I know Todd's just trying to spark some debate on this album though, because I'm sure he doesn't think "original sounding" really has much bearing at all on the quality of the music.

As for TVOTR, I liked "Starting at the Sun" but the album as a whole was just too bombastic by half and didn't really move at all. That barbershop tune "Ambulance" was nice though.

Ian Mathers: I still think their cover of "Mr. Grieves" is the best thing they've done to date.

Kyle McConaghy: Agreed. While The Young Liars EP is one of my favorite releases of last year, I think Desperate Youth might have been picked to diversify the Short List Prize nominee selections. They indeed have one of the more unique sounds on the list, but there were tons of better releases this year.

Josh Love: Listened to this for the first time in a while last night.

Man, does it suck.

Just utterly grooveless and lumbering—it moves slower than a fat man with clubfoot.

Nate DeYoung: This does seem like the slowest album on the shortlist by a long-shot. But, I would still find it hard to label "The Wrong Way" grooveless or lumbering. In fact, up until “Poppy”, TV on the Radio sound pretty convincing as the prime-candidate that proves rock has not died and gone to nu-metal.

Air - Talkie Walkie
[read the Stylus review]

Derek Miller: Another retroactive inclusion for missing everything else they've done?

Josh Love: Talkie Walkie was a solid album. Speaking as an Air neophyte, I definitely enjoyed it, though I don't put it on nearly as often as I should.

Edward Oculicz: I personally hate Air. "Sexy Boy" was coolly arch, but everything else, no. That being said, every track on this album is a winner. Does anyone other than the French do sinister love songs as well as "Cherry Blossom Girl" anyway? It'd be my pick, anyway.

Andrew Unterberger: I actually think this might be my favorite album of theirs. I always thought that Moon Safari was one of the most overrated albums of the 90s—a couple really good songs than a lot of airy fluff. I actually preferred 10,000 Hz Legend, but this is even better—I especially dig the M83/laptop-shoegaze influence on some of the more electronic tracks. Not nearly the Moon Safari-lite (egads!) that most critics had me expecting.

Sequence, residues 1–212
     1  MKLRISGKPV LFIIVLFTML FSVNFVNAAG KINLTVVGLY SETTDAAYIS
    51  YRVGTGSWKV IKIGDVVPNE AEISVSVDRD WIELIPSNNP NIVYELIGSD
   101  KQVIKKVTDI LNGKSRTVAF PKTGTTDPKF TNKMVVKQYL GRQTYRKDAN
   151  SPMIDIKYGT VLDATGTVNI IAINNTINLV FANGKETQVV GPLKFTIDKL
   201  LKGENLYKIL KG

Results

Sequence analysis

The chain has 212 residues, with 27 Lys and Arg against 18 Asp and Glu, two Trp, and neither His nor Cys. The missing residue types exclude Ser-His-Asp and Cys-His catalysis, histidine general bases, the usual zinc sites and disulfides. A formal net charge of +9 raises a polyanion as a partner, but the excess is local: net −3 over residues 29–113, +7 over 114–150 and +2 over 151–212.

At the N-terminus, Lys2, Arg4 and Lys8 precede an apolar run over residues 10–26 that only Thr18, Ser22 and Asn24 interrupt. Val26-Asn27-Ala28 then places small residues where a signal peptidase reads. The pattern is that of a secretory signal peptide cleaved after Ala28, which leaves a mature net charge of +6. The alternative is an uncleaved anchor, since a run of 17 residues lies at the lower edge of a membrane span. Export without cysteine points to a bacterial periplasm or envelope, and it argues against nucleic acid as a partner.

I don't think this has much of a chance of making it--like Derek said, it's more of body of work type inclusion than for this album in particular—but Air has always had mass appeal for critical types, so I wouldn't totally count it out.

Todd Hutlock: I pretty much count it out just because I don't think the band have the same "buzz" around them anymore that some of the other groups do, but I agree with Andrew—I love this album and I think it is their best long player (although the early singles pre-Moon Safari are still my favorite stuff of theirs).

Derek Miller: 10,000 Hz Legend still gets my vote, and I've come to believe it's the best thing they'll ever do. Check my review of Talkie Walkie for my thoughts on the matter, though I'll cop to having warmed to the album more than previously imagined. . .

Nate DeYoung: Although I'd like to steer clear of pop-psych Pink Floyd-stoned comparisons, Talkie Walkie does seem to be scatter-shot in a way only a pop album can be. From the stunning opener “Venus” on, I think this album doesn't maintain any sense of consistency. But I'm happier for it. If I can get an “Alpha Beta Gaga” every couple years or so, feel free to bash my head in with it. God bless the geeky whistle!

A commenter on Derek’s review, however, might have the most interesting thought I’ve read so far: "Are they gonna be the Robbie Williams of chill-out?"

(Woah. Will anyone tell me how I should react to that?)

The Streets - A Grand Don't Come for Free
[read the Stylus review]

Todd Hutlock: Seriously, if this wins, how foolish will the voters look in a few years when this sounds as dated as a carton of milk? I can see the critical reassessment coming a mile away...

David Drake: A mile away? I loved it when I first heard it and I'm already tired of it.

Josh Love: It really is the loveliest, sharpest, most emotionally nuanced story I've "read" all year, and I think Skinner's just about unparalleled as a narrative lyricist right now, but the music just does not hold up at all. "Fit But You Know It" is getting WAAAY too much of a push on best-of singles lists because it's the only thing on this album that's remotely replayable, but seriously, compare it to "Stand Up Tall" or "Rubberband Man" or "Yeah!" I mean, seriously!